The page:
ACAT Global will license the catalytic converter technology to combat the climate crisis

For the first time, ACAT Global will license its revolutionary internal combustion engine emissions control technology to automakers and other companies. The license will give companies a proven, cost-effective technology they can use to make catalytic converters, as they help governments and environmental groups fight the climate crisis and save consumers significant money on fuel purchases.

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“Our metal substrate catalytic converters are federally compliant and the technology is already available in products in many of the green states today,” said Joe Moh, CEO of ACAT Global. “This innovative technology can improve gas mileage by up to 12 percent, which translates into huge savings for consumers given current fuel prices. In addition to reducing fuel costs, these same catalytic converters significantly reduce emissions without sacrificing performance. Compared to standard ceramic solutions, our technology significantly reduces emissions, which will reduce greenhouse gas emissions today.”

ACAT Global was formed in 2010 with the acquisition of General Motors-developed catalytic converter substrate technology and related manufacturing assets from Delphi. At that time, senior Delphi engineers also joined the company. Now other companies around the world have access to their expertise.

ACAT Global Metal Substrate Replacement Catalytic Converters are federal and in most vehicle applications CARB Compliant. The patented technology is also applicable to diesel engines of all varieties, including light/medium/heavy duty trucks, as well as electric generators. Converters can reduce pollutants for coal-burning stacks, cargo ships, furnaces and any power generation platform that needs catalysis.

Current government regulations and the slow adoption of the technology by car manufacturers limit the application of these catalytic converters.

“Most automakers do not feel there is an urgent need to reduce emissions because of the lack of government enforcement of emissions standards,” said Matthew G. Frankel, MD, a member of the National Advisory Board of the Union of Concerned Scientists. “The recent Supreme Court decision further inhibits government agencies from setting and enforcing emissions standards. Automakers are also putting more emphasis on electric vehicles to reduce overall emissions. This is unrealistic for two reasons. First, supply chain issues, such as lithium production and the lack of sufficient battery production, limit EV production. Second, and perhaps most important, is that the US electric grid is ill-equipped and unprepared to produce enough charging stations to handle the demand for the projected number of EVs. In fact, the grid may be decades away from meeting demand for future EV production.

For all these reasons, it is more important than ever that we do what we can to improve emissions from all combustion engines now, from cars and trucks to power generators, all the way to gas-powered blowers and other powered lawn and garden tools. ACAT’s unique catalytic converter technology can address all of these needs so that we can reduce harmful emissions and air pollution now while our planet increases sustainable, emission-free energy sources for the future.”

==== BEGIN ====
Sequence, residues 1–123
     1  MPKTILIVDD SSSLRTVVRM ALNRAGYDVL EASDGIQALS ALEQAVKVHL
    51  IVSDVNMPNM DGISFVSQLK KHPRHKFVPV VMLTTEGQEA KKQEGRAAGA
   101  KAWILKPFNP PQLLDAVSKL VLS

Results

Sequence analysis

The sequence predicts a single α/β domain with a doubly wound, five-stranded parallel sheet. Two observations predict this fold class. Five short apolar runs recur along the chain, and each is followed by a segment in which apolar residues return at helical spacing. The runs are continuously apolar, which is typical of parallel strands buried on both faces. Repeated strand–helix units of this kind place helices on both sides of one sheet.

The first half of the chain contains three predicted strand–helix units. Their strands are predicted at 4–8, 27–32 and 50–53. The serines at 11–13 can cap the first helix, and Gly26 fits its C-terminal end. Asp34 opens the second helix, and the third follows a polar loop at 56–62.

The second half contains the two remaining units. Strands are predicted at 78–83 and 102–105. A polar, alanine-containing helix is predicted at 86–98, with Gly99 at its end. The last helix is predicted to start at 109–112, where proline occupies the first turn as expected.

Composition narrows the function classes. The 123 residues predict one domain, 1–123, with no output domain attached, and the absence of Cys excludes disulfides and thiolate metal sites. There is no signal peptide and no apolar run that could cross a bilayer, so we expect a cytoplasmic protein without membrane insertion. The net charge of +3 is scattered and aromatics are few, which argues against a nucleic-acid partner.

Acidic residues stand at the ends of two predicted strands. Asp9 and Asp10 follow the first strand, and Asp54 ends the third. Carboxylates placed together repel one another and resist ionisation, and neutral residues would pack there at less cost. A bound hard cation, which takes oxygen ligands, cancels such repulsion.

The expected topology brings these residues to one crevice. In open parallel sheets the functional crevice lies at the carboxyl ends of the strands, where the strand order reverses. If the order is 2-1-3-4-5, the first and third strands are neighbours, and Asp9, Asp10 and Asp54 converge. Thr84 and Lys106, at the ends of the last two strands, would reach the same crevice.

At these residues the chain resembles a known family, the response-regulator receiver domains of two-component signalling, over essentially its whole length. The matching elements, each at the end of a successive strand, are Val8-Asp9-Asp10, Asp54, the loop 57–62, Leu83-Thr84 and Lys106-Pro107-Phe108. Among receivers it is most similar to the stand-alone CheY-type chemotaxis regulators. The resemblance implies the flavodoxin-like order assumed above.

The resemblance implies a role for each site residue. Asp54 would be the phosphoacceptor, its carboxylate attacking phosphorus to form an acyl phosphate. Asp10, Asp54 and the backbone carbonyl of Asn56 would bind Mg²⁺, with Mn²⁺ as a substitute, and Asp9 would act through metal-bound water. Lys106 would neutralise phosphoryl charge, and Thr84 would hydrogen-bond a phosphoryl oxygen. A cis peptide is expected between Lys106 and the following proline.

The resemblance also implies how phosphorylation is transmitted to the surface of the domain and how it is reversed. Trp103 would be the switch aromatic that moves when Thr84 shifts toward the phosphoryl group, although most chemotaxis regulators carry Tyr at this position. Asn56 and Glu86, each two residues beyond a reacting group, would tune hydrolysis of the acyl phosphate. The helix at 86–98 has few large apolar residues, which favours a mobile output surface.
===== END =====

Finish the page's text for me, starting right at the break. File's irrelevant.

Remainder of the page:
Results from independent laboratories have consistently proven ACAT’s claims. In testing to present to federal and California ARB officials, the company’s metal-substrate catalytic converters have proven to increase gas mileage by 12 percent, as well as reduce NMOG by 33 percent, reduce CO emissions by 20 percent and reduce the dreaded NOx by 75 percent. NMOG, CO and NOx are all harmful compounds created by the burning of fossil fuels and major contributors to poor air quality.

ACAT Global’s technology is also limited by outdated government regulations around the world.

“The current government regulations were written to increase the reliability and lifespan of catalytic converters, but have actually hindered the adoption of a game-changing technology,” Moh said. “Consumers are prohibited from replacing a catalytic converter with one of our modules on a vehicle unless the car, truck or SUV is more than seven years old. Those who have their catalytic converter stolen have to install an expensive OEM unit, even though it costs more and is much less efficient than ours. It is outrageous that someone looking to ease their costs at the pump, comply with emissions regulations or even choose to reduce their carbon footprint cannot install this equipment. Time for the rules to be updated.”

The converters are currently manufactured in Michigan and available through distributors worldwide. ACAT Global catalytic converters are available as a universal or direct system through independent shops. Reliable Metal Catalysts use proprietary technology designed for ease of installation, form, fit and function.

“The cost of the less efficient ceramic catalytic converters typically installed on vehicles is projected to increase by up to 300 percent this year,” Moh said. “Our federally compliant metal core technology is not subject to the same price increase. And through our licensing program, OEMs can create vehicles with better fuel efficiency while reducing emissions without increasing costs. Automakers, environmental groups and the public must embrace this opportunity to make a truly immediate positive impact.”

OEMs and other industry companies interested in licensing the technology can contact Joe Moch at [email protected]

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